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“Ma, I got another letter from Paul.”

She looked at me and smiled. “Why, we haven’t seen him since last Christmas. How is he?”

“He says he’s fine. Working at the plantation. He raisin’ Norma fine. Growing up to be a fine young woman, I hear. Almost thirteen years of age.”

“She ought to take after her mother.” says Shelley, my wife.

“She’s a pretty woman, that Norma. She’ll turn out fine.” I say. “He says he coming around next Thanksgiving.”

“Maybe he’ll bring his grandsons?” says my wife.

“Naw, they too stubborn. Never come around. Always working. What a shame.” I said. “Ma–what’s that sound?”

“The kettle. You asked for tea. I’ll get it, dear.”

She hobbled over to the kitchen. Her back craned, weighed down by many years. I read my paper. I didn’t like the television at night; too much sound. I liked the quiet. The country does that to you. Shelley and I live a modest life, Presybyterians that we are. She reads her book while I read my paper.

“Another strike, ma.” I called to the kitchen. “Railroad workers. They’s always making a ruckus for no reason. We worked our whole lives and we didn’t complain for a bit. Isn’t that right, Ma?” No response.

“Ma?” I called again. No response.

I got up and walked over. “Ma?” I asked. She was there pouring the tea.

“Yes dear? What is it?” she asked ponderously, slightly doubtful.

“I called and you didn’t answer.” I replied.

She stared at me perplexedly. “No, I said ‘that’s right, dear’ in reply, then you called for me again, and I said the same thing.” I had not heard her.

“Huh. My hearing goes a little funny sometimes. Happens with old age, I guess.”

She handed me the tea. I grasped the mug; it was very hot. I dropped it, for my hand felt like it would light aflame from the heat. My wife instantly started cleaning up the mess.

“Oh, you old fool! Don’t you know to hold the handle?”

“Sorry ma, I forget sometimes.”

She mopped up the floor and put the pieces in the bin. I apologized. She wasn’t mad.

I got into bed for the night. I made my graces to God and all he has given us, then sat in bed beside my wife. She dozed off. I shut my eyes and rest.

It was hard to sleep. I opened my eyes again and got up to get a glass of water. She kept on sleeping. I walked to the kitchen and almost slipped; the floor was wet. I laughed to myself, thinking that if I had slipped, I would have broken my back. I was old like that. Though I was not incapable of getting up, I certainly wasn't fit to try.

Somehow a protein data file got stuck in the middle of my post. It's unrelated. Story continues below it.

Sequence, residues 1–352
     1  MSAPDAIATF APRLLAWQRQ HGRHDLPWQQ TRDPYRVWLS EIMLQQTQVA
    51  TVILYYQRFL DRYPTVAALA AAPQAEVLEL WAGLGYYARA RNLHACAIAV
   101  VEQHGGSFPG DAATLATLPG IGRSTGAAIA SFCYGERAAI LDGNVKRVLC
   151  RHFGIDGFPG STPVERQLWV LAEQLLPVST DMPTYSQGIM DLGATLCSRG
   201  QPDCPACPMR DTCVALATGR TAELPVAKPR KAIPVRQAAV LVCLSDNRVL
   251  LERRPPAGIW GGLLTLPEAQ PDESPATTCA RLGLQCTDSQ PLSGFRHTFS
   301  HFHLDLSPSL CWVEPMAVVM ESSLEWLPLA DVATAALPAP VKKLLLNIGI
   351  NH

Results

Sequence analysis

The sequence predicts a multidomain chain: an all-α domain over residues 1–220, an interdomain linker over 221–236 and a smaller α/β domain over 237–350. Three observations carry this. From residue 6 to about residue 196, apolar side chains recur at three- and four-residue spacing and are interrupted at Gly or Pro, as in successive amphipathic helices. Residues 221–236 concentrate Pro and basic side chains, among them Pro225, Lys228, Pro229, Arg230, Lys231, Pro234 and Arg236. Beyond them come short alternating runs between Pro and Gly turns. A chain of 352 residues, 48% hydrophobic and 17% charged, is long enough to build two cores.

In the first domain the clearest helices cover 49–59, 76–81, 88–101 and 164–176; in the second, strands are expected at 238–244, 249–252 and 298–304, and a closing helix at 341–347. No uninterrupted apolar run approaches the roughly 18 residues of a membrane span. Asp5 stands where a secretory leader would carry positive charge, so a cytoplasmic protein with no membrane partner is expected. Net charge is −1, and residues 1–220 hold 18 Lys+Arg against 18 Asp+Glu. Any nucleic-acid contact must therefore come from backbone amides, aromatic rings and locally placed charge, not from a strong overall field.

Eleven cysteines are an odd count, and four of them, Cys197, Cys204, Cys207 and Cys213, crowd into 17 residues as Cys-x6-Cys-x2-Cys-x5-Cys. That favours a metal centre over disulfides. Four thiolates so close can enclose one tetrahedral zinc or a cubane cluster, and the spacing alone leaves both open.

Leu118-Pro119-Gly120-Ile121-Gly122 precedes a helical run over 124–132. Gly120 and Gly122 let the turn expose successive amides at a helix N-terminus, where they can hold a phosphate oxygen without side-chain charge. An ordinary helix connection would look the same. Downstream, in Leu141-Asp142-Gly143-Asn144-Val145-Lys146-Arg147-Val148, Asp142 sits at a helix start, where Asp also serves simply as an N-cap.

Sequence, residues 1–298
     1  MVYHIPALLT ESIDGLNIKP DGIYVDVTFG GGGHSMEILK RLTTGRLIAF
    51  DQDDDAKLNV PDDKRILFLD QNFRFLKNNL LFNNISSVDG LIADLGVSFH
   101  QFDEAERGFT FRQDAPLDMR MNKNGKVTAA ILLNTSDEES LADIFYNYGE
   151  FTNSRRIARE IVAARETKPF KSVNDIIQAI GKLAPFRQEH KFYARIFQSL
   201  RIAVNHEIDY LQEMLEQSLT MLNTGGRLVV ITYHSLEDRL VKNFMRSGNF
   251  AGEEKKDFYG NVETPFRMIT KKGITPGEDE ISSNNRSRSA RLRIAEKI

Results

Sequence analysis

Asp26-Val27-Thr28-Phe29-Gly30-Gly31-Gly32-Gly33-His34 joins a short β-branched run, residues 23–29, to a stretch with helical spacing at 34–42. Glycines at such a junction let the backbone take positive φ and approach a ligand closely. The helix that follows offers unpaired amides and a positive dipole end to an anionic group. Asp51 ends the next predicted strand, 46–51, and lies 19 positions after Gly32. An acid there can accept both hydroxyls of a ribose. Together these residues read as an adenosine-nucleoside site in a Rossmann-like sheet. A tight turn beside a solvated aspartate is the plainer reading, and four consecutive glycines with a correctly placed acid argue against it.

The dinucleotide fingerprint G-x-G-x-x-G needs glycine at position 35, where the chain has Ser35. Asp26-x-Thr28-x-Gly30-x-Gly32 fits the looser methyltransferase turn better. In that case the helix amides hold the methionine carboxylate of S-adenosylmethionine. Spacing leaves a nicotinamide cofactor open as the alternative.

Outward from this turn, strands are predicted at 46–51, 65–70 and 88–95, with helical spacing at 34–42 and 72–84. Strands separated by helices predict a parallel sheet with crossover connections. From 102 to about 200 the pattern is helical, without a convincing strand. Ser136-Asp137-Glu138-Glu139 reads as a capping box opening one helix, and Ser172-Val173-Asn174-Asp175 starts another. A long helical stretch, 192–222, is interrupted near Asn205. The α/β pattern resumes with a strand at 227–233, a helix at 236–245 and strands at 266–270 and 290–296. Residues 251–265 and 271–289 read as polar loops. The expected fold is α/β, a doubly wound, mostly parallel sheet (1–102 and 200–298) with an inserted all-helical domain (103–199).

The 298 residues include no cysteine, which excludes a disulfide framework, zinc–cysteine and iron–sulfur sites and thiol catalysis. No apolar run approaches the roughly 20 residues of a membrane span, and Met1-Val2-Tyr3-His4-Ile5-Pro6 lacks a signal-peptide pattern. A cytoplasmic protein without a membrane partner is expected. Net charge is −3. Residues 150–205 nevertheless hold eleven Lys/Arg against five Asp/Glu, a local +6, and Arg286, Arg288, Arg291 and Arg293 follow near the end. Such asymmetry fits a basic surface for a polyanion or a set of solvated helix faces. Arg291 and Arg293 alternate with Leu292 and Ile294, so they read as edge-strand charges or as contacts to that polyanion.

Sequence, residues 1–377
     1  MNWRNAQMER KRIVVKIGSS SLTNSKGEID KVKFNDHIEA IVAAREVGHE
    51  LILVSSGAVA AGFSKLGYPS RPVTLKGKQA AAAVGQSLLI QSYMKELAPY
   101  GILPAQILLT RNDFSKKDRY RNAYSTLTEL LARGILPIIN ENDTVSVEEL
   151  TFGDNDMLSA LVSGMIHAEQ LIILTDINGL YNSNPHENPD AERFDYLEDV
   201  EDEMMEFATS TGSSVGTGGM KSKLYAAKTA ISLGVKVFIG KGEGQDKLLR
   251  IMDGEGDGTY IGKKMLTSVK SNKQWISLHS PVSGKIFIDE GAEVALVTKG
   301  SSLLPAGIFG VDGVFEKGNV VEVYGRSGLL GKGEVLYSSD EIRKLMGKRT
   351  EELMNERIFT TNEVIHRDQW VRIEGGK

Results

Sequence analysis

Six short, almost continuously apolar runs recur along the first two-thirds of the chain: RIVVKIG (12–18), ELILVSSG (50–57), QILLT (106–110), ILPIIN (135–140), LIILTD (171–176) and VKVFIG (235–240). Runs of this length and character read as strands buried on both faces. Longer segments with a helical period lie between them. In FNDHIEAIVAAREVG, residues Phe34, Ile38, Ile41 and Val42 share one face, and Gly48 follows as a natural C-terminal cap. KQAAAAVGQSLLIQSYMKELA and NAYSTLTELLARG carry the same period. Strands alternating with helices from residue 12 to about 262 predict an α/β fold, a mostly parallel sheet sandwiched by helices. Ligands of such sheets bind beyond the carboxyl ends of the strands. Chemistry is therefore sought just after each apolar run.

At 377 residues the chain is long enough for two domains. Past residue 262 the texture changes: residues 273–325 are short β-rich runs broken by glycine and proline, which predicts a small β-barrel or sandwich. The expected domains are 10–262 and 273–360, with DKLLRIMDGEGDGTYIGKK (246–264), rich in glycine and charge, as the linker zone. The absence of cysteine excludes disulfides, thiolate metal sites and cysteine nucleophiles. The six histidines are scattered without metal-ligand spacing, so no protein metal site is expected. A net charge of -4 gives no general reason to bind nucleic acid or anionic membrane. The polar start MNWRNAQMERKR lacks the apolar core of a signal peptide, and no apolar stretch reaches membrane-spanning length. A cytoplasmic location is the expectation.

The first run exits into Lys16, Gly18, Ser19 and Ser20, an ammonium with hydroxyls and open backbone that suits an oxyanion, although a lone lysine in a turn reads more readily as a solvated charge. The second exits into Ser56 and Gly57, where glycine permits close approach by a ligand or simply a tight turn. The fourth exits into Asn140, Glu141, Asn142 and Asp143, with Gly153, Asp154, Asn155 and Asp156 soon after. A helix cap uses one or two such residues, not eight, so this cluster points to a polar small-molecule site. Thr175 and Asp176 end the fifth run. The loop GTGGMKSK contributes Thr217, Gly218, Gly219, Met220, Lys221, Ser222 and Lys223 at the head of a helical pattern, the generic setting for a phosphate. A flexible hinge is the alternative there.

I got my glass of milk from the fridge, then headed back to my bedroom. My wife was sleeping soundly. I made my graces to God and all that he has given us, then after drinking my milk, fell asleep soundly.

I woke up with a back pain. I got up slowly and smelled something malodorous. My wife was still asleep. I smelled quite bad, for I had not showered in a week. These things sometimes escape old folk. I hobbled over to the shower and turned the faucet on. After showering, I made my way back to the bedroom and found my wife still asleep. She did not snore, nor did she move.

“Ma, it’s time to wake up. Can’t sleep all day. That’s how we become lazy.” No response. I shook her and she still did not move.

I turned her over in bed and realized how pale she was. She did not seem well.

I propped her up with a pillow and looked at her. I shook her again and still no response. Her feebleness worried me. I opened her eyelids and stared into them. Her eyes were vacant, looking off to the horizon, entranced by the dawn.

I called her a doctor and sat back down. We have a good family doctor, so I was not worried.

I went to the kitchen and sat down with my paper in hand. My wife sat there and read her book. She read it with grace. Everything came from that book; her ethics, mannerisms and stories. She was old-fashioned that way. I, however, didn’t mind that. That’s how it was when she was raising young Paul, and he turned out good.

A fly landed on her cheek. Annoying little thing. I buzzed it off before she could. She never had the quickest reaction time; too entranced by her book, I suppose.

I walked over to the kitchen to make some tea, since I didn't wish to disturb her reading. I walked to the kitchen and started boiling the water.

She had gotten up and was now sitting outside. She sat on the garden chair I had built for her many years ago, looking off into the sunset. I smiled. It made me remember how much I loved my wife.

I walked back into the kitchen and realized the floor was wet. I started mopping it up. I poured the tea and sat back down with my wife. She was watching television. I tapped her shoulder and handed her the tea.

“Thank you, dear.” she said. “Sorry dear, but my hands ache. Would you mind helping me drink this tea?” she asked.

“Sure, ma. Here you go.” I held the tea up to her mouth and helped her drink. She made little sound, always doing things with grace. I then remembered something.

“Ma.” I said, “I got another letter from Paul.”

She looked at me and smiled; her cheeks were sullen.

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